In this era of new accountability brought by pushback against No Child Left Behind (NCLB) and the signing of the Every Student Succeeds Act (ESSA), it is important to consider: What levers do superintendents and their central offices have that will ensure success?
In my view, the levers have not changed as a result of the evolving accountability systems, which will hopefully become more meaningful for schools due to broader, more appropriate measures of achievement. This would include, for example, consideration of students’ social-emotional health. The key mechanisms that superintendents have now, as I believe they have had in the past, are these three:
- Define a clear theory of action for school improvement by defining a discrete number of “non-negotiables” for all schools.
- Support schools by leveraging the district’s principal supervisors to enhance principals’ instructional leadership and hold principals accountable for continuous improvement.
- Manage performance of schools, by defining and tracking valid measures of implementation of defined non-negotiables.
In this article, I focus on lever 1 — defining a clear theory of action. In upcoming issues I will address the other two levers.
Theory of action sounds like a lot of jargon, but it is really just the leadership’s set of beliefs for how schools will improve. A district’s theory of action is often thought of existing on a continuum of school management approaches. At one end of the continuum — a “centrally managed” approach — the central office controls many inputs required for an excellent education, including hiring of staff, resource allocation, curriculum and assessment and professional development. At the other end of the continuum — a “school-based management” approach — the central office empowers schools to make most decisions related to how and who delivers an excellent education to students.
Research has found challenges and benefits to both the centrally managed and the school-based management approach (see Figure 1), and, in reality, most districts fall somewhere between the two far ends of the school-management spectrum. For a school-based management approach, drawbacks include a reduction in the number of tools that the central office has to ensure that all students are receiving an excellent education regardless of neighborhood, family income, ethnicity, primary language spoken or disability. These tools become increasingly important as student mobility increases and student achievement levels off in some schools.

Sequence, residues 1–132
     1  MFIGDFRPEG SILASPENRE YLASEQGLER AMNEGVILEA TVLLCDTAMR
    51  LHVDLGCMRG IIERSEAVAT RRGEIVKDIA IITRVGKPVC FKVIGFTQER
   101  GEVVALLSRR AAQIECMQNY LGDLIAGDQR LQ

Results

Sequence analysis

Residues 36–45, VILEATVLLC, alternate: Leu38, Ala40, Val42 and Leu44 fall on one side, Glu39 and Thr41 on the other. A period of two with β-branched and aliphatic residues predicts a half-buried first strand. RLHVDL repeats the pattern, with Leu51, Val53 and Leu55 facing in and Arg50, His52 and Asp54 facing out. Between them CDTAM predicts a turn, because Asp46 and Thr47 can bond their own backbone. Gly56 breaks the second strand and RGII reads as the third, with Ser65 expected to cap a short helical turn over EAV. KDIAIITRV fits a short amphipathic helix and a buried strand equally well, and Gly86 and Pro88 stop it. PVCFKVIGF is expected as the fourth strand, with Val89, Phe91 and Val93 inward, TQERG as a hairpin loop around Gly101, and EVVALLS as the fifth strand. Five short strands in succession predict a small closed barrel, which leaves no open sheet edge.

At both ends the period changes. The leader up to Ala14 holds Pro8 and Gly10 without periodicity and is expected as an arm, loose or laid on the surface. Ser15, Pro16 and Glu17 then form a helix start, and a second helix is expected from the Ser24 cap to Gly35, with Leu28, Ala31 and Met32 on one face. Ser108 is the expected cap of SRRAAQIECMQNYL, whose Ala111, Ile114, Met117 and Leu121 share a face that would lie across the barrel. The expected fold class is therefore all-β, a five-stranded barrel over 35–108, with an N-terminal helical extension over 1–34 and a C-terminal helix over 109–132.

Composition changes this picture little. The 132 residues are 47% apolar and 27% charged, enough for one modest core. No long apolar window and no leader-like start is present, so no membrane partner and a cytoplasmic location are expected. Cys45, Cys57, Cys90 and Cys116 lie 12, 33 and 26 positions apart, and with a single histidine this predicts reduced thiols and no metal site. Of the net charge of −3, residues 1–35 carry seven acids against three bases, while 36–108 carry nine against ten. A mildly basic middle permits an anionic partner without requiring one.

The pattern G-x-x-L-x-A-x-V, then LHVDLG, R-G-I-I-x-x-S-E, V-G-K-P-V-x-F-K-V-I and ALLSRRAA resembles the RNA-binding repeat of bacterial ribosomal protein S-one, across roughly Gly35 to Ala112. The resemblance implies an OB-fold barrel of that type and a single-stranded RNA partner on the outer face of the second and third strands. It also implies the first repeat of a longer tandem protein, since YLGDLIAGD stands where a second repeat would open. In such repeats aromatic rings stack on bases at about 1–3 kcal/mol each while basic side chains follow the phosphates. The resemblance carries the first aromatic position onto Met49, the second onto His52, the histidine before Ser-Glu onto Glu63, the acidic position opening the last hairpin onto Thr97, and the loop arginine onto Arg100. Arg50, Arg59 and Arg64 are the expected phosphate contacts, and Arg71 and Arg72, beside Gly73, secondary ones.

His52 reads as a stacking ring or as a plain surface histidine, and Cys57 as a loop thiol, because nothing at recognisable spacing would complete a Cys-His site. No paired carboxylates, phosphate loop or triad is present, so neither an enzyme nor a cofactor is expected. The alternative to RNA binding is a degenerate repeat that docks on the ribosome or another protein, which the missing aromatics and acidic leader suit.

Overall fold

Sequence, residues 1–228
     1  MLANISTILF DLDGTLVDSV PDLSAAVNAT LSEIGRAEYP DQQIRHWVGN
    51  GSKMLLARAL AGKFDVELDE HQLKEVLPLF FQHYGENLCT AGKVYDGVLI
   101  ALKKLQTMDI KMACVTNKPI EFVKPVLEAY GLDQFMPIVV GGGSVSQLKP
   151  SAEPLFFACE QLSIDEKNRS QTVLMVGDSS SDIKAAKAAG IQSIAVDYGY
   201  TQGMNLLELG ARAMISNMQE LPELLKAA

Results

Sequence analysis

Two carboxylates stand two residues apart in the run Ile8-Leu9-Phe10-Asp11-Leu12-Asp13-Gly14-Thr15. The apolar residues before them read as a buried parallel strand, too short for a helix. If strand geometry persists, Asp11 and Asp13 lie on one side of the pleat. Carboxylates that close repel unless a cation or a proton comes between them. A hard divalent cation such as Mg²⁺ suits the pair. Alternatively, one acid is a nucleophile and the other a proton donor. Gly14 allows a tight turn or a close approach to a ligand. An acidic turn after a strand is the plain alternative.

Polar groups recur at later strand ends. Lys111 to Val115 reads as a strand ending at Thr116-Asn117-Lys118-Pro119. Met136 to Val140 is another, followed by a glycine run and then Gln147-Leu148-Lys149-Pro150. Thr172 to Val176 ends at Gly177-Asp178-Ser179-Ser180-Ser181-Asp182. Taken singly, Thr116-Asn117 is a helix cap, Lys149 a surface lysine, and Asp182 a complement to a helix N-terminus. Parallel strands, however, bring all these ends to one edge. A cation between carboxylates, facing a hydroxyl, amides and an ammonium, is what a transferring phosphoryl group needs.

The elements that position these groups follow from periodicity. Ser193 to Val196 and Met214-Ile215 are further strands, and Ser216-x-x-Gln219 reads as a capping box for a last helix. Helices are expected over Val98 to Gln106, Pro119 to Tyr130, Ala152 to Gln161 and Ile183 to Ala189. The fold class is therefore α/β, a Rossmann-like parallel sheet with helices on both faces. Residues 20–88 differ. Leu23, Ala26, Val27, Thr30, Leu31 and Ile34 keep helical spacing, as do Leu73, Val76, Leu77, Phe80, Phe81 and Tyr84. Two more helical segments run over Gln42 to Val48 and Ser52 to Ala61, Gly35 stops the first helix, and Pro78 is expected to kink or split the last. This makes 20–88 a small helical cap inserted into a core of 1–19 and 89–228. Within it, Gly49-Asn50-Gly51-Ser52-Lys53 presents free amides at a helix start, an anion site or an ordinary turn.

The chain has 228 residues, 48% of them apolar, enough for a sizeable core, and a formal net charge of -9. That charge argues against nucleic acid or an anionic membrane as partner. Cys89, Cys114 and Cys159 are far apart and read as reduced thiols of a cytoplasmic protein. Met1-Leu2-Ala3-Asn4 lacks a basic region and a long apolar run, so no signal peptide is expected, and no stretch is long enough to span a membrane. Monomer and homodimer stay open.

Figure 1. School Management Approaches: Potential Benefits and Challenges
Although there is no “correct” position, research finds that districts must be purposeful in identifying their placement on the school-management continuum and then make decisions related to central-office organizational structure and staffing, systems, use of resources, and school-improvement strategies that are consistent with their selected approach.
Figure 2 outlines the key areas of emphasis that should be taken for each.
Figure 2. Ideal Points of Emphasis for School Management Approaches
My organization, Cross and Joftus, works with districts along the entire school-management curriculum. For example, Kentucky state law actually mandates that districts take a school-based management approach, and Fayette County Public Schools — which includes Lexington — currently has no initiatives that all schools must implement. On the other hand, the District of Columbia Public Schools has over the last few years ratcheted up requirements that schools must implement.
Again, neither of these approaches is wrong or right. What is critical is that school systems are clear about their approach and create systems and structures, and leverage resources and stakeholders, in ways that are consistent with the theory of action that they have purposefully selected.
Next issue I will discuss how the strategic use of principal supervisors can ensure effective implementation of the theory of action.